The Nigerian labor union has rejected the proposed minimum wage of N100,000, insisting on a living wage that reflects the country’s economic realities. This decision comes after the Tripartite Committee on National Minimum Wage submitted its report to President Bola Ahmed Tinubu. The labor union had earlier rejected a proposed minimum wage of N62,000, scaling down their demand from N494,000 to N250,000.

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The labor union’s president, Joe Ajaero, expressed hope that President Tinubu would make a fair decision, considering the wide gap between the proposed wages. Ajaero criticized state governors for rejecting the N62,000 proposal, highlighting the disparity between their wages and their states’ contributions to the national purse.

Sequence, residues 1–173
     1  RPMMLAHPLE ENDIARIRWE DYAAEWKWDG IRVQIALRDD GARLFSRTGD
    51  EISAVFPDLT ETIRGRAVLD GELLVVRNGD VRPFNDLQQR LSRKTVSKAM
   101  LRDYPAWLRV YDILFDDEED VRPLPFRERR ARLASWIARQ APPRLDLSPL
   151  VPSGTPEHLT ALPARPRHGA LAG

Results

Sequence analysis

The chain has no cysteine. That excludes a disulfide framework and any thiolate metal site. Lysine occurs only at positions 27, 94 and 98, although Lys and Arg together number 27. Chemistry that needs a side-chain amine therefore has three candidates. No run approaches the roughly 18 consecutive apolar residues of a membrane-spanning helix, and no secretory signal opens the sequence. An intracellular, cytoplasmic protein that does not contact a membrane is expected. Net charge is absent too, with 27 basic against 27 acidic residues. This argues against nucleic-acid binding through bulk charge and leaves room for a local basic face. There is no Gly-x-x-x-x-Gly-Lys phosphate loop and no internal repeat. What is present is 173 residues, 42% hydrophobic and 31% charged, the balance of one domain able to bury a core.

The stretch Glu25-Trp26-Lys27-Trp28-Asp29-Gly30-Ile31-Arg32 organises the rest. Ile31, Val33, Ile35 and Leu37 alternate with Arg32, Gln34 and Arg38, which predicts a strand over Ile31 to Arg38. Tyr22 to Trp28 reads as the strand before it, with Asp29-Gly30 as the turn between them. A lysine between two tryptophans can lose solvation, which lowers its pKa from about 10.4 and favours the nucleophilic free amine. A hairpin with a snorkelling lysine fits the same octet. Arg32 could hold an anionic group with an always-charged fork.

The labor union’s demand for N250,000 is a significant concession, reflecting the real cost of living in Nigeria. If the federal government and National Assembly do not act on workers’ demands promptly, the NLC and Trade Union Congress (TUC) may resume their strike.

The Association of Local Governments of Nigeria (ALGON) has expressed concerns over the feasibility of implementing the N62,000 minimum wage, citing insufficient allocation from the federation account. However, the NLC criticized the governors’ stance as insensitive and accused them of acting in bad faith.

As the nation awaits President Tinubu’s decision, organized labor remains steadfast in its demands. Civil servants across Nigeria have urged governors to reduce their own salaries and allowances to accommodate the proposed minimum wage. They warned of legal action should the state governments refuse to implement the new wage once approved by the federal government.

The Nigerian labor union’s rejection of the proposed minimum wage highlights the need for a living wage that reflects the country’s economic realities. The federal government and state governors must prioritize workers’ welfare and ensure fair compensation for their services.